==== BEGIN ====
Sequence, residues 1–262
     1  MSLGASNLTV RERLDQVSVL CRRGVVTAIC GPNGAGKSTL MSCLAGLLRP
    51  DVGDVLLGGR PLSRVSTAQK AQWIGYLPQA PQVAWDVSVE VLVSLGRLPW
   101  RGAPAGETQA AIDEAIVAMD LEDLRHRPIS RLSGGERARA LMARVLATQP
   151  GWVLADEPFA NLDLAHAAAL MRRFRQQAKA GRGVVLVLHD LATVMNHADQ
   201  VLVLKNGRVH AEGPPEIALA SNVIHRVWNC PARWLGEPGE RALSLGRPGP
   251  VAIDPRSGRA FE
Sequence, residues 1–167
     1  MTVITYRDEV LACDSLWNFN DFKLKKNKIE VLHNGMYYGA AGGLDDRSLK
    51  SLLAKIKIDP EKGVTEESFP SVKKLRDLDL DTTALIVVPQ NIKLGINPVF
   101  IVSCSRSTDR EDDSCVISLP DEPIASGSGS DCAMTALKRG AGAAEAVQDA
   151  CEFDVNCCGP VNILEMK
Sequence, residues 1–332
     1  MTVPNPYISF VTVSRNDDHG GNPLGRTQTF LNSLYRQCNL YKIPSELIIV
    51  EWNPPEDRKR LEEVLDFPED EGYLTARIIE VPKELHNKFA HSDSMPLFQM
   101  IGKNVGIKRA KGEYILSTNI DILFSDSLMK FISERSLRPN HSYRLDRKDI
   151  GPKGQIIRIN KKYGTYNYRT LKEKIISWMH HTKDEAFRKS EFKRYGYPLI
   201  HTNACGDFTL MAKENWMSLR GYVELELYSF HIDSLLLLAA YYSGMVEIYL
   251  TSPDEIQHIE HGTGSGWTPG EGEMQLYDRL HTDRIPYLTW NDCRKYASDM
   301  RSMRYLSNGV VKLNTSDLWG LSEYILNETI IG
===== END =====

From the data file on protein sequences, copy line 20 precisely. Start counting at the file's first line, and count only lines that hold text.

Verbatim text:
   301  RSMRYLSNGV VKLNTSDLWG LSEYILNETI IG